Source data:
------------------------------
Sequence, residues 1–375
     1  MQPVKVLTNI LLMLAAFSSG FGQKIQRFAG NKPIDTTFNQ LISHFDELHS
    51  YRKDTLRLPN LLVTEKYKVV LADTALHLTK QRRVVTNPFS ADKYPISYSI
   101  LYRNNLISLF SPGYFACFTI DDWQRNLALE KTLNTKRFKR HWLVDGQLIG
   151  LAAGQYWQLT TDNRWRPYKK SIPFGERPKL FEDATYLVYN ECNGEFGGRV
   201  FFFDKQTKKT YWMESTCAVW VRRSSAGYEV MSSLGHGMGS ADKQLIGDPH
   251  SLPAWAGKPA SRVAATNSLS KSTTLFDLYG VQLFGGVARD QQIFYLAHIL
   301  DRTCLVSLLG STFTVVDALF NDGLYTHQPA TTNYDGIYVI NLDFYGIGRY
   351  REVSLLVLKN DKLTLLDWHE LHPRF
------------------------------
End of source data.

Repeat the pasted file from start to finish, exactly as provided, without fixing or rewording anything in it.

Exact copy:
Sequence, residues 1–375
     1  MQPVKVLTNI LLMLAAFSSG FGQKIQRFAG NKPIDTTFNQ LISHFDELHS
    51  YRKDTLRLPN LLVTEKYKVV LADTALHLTK QRRVVTNPFS ADKYPISYSI
   101  LYRNNLISLF SPGYFACFTI DDWQRNLALE KTLNTKRFKR HWLVDGQLIG
   151  LAAGQYWQLT TDNRWRPYKK SIPFGERPKL FEDATYLVYN ECNGEFGGRV
   201  FFFDKQTKKT YWMESTCAVW VRRSSAGYEV MSSLGHGMGS ADKQLIGDPH
   251  SLPAWAGKPA SRVAATNSLS KSTTLFDLYG VQLFGGVARD QQIFYLAHIL
   301  DRTCLVSLLG STFTVVDALF NDGLYTHQPA TTNYDGIYVI NLDFYGIGRY
   351  REVSLLVLKN DKLTLLDWHE LHPRF